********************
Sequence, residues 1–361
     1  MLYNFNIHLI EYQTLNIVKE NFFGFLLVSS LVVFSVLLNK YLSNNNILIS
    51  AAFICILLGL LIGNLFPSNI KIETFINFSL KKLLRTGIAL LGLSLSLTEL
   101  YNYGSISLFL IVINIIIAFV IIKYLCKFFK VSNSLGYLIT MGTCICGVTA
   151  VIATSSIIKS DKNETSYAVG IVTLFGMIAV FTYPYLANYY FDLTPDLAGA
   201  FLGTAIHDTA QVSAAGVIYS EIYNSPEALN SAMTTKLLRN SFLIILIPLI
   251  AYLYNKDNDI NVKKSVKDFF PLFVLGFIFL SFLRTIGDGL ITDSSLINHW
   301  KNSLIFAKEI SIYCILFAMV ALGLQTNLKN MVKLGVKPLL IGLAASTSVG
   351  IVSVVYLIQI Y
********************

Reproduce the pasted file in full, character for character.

Sequence, residues 1–361
     1  MLYNFNIHLI EYQTLNIVKE NFFGFLLVSS LVVFSVLLNK YLSNNNILIS
    51  AAFICILLGL LIGNLFPSNI KIETFINFSL KKLLRTGIAL LGLSLSLTEL
   101  YNYGSISLFL IVINIIIAFV IIKYLCKFFK VSNSLGYLIT MGTCICGVTA
   151  VIATSSIIKS DKNETSYAVG IVTLFGMIAV FTYPYLANYY FDLTPDLAGA
   201  FLGTAIHDTA QVSAAGVIYS EIYNSPEALN SAMTTKLLRN SFLIILIPLI
   251  AYLYNKDNDI NVKKSVKDFF PLFVLGFIFL SFLRTIGDGL ITDSSLINHW
   301  KNSLIFAKEI SIYCILFAMV ALGLQTNLKN MVKLGVKPLL IGLAASTSVG
   351  IVSVVYLIQI Y